Wildfires are an important feature of grizzly bear habitat in northwestern Montana for a very simple reason. Both the abundance of fruit -producing species and the fruit production on them are stimulated by openings created by forest fires. This has been demonstrated conclusively for huckleberry (Vaccinium) and buffaloberry (Shepherdia), the two most important species exploited by grizzlies.

The graphs at right show fruit production (in this case, berries) for huckleberry, top, and serviceberry, bottom, as a function of percent forest canopy cover, left, and time since the last fire (i.e., stand age), right. Perhaps by chance, fruit production on both species peaks rather dramatically around 23 years since the last fire, on sites where tree canopies account for only 3-8% cover. 

The Importance of Wildfires

Fruit-Bearing Species: East Front

Keith Aune undertook one of the most intensive investigations to date of habitat use by grizzly bears in the Northern Continental Divide ecosystem. His study area reached along the north-south axis of the East Front, west into the main range of the Rocky Mountains. In addition to documenting the nature and location of grizzly bear foraging, he also characterized the vegetation in his study area.

I drew on his plot data to develop the figure at left which shows the relative abundance of huckleberry, buffaloberry, and serviceberry relative to an array of Pfister's habitat types ordered by elevation from lowest at bottom to highest at top. I also included whitebark pine (Pinus albicaulis), which is/was another high-quality but high elevation food in Aune's study area (see this entry for more on whitebark pine). Finally, I drew on multiple sources to identify zones within which lodgepole pine (Pinus contorta) and Douglas-fir (Pseudotsuga menziesii) are characteristic early-successional species that establish after wildfires.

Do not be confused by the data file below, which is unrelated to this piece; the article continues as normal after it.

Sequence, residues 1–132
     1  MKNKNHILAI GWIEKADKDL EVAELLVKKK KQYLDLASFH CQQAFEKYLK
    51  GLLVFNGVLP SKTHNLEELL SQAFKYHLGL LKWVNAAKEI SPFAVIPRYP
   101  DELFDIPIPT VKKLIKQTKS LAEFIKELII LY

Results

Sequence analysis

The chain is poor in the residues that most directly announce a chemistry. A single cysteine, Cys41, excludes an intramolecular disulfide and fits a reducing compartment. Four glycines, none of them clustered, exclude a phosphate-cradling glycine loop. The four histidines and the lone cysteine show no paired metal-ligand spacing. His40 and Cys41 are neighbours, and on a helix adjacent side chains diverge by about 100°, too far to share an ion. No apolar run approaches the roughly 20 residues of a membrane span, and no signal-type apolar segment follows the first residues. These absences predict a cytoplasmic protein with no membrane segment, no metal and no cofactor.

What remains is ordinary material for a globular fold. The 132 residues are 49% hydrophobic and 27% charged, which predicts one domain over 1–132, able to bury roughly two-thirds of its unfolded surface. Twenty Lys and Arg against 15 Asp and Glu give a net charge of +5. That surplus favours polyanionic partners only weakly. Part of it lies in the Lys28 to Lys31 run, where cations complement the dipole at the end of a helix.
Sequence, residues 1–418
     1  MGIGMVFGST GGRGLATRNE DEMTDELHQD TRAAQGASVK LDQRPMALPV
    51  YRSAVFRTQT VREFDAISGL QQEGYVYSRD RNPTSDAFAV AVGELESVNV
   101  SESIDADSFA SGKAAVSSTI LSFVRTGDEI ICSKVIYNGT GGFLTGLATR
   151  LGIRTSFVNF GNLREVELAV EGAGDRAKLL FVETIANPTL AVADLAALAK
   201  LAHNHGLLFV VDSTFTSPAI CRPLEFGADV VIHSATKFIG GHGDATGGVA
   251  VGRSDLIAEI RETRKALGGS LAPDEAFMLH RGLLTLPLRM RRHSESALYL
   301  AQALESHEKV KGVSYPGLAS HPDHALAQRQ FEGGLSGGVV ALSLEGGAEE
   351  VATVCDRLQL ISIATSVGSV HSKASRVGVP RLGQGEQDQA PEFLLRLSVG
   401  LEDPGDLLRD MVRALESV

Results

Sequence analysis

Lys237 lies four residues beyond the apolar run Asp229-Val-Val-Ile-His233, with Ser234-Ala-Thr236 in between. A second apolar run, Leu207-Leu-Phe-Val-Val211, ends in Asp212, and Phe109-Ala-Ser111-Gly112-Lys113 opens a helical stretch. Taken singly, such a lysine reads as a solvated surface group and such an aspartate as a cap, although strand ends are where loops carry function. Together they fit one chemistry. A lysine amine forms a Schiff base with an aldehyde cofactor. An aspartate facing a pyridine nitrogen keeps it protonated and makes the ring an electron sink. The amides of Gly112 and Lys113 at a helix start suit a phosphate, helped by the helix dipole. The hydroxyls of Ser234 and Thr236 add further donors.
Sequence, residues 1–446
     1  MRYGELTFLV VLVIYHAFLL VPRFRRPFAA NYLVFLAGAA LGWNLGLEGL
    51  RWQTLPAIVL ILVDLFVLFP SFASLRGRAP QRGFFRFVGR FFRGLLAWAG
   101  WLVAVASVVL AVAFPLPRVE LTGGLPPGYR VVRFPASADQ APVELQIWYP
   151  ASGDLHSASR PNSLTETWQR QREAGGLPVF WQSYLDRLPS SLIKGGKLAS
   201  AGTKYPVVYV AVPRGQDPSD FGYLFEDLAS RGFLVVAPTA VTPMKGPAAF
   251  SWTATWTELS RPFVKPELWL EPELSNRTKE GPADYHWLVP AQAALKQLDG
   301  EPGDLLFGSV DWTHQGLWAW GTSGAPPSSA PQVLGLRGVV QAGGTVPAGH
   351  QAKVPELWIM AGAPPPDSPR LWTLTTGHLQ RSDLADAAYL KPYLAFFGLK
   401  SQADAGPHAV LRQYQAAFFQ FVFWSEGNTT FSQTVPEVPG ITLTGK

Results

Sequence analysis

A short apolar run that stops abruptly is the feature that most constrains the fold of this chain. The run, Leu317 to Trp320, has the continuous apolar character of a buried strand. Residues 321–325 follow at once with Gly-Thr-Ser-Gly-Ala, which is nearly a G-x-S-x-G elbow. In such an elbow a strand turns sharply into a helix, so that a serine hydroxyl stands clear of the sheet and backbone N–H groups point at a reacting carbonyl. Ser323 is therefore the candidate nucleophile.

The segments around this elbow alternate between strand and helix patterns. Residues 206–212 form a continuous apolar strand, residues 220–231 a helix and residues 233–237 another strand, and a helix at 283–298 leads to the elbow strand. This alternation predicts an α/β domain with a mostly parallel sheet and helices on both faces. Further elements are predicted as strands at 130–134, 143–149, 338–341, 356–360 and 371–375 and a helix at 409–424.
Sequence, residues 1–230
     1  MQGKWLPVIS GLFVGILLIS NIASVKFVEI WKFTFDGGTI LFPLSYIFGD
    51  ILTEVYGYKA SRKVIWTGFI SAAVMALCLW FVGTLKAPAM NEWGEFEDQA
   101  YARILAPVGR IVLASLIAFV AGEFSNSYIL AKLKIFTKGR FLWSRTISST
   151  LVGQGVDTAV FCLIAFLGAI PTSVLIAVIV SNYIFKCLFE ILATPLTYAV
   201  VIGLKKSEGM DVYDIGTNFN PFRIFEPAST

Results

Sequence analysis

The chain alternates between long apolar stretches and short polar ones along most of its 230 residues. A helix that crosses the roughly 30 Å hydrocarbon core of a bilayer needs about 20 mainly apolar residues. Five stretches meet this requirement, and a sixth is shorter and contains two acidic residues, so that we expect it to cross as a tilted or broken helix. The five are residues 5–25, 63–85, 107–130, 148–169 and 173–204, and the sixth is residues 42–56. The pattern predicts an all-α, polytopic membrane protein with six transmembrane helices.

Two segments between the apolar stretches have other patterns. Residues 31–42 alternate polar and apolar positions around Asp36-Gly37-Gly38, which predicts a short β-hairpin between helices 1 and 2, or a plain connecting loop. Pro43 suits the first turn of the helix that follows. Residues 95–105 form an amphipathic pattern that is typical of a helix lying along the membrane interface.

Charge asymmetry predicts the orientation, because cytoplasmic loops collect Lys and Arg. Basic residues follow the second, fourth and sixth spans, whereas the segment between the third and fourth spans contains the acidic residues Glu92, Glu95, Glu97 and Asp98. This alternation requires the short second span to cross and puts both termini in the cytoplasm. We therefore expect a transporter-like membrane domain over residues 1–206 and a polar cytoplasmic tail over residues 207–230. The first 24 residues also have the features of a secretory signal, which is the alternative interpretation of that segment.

Takeaways? Huckleberry is the most abundant fruit-producing species in mountainous portions of this region, concentrated in habitats that straddle lower and upper subalpine environments in which lodgepole pine tends to be the dominant seral tree species. By contrast, buffaloberry and serviceberry are much less abundant and distributed at lower elevations where Douglas-fir tends to be the dominant seral tree species. As a consequence, for reasons that I elaborate immediately above, fruit abundance in mountainous portions of the East Front is largely driven by fire frequency, extent, and duration at higher elevations where lodgepole pine is common.

The State of Fruit Production

So, given all this, what is the probable state of fruit production in grizzly bear habitat in areas where fruit is important to bears? As a preface, average intervals between fires in habitats that support the bulk of huckleberry are around 130 years. In areas supporting the bulk of buffloberry the interval is around 100 years (see this web site for more). Given these intervals and a peak in fruit production on both species between around 10 and 50 years post-fire (see above), one would expect roughly 31% of huckleberry habitat and 41% of serviceberry habitat to be at peak productivity, representing a burn extent of 0.8% per year in huckleberry habitats and 1% per year in serviceberry habitats.


So, what is the actual history? The map at right shows the extent of wildfires between 1980 and 2015 (red) in areas occupied by grizzly bears in the Northern Continental Divide ecosystem around 1980. The yellow dashed lines are isopleths of meat consumption, the inverse of fruit production (see this entry). The total area burned was around 25%, and, this, within a 27 year period, which amounts to a little less than 1% per annum, which is within the range of what one might expect given historical fire intervals in moist montane and lower and upper subalpine habitats of this region.

Interestingly enough, fire were more frequent between 1980 and the present compared to between 1940 and 1980, but comparable to what occurred during the late 1800s and earlier 1900s.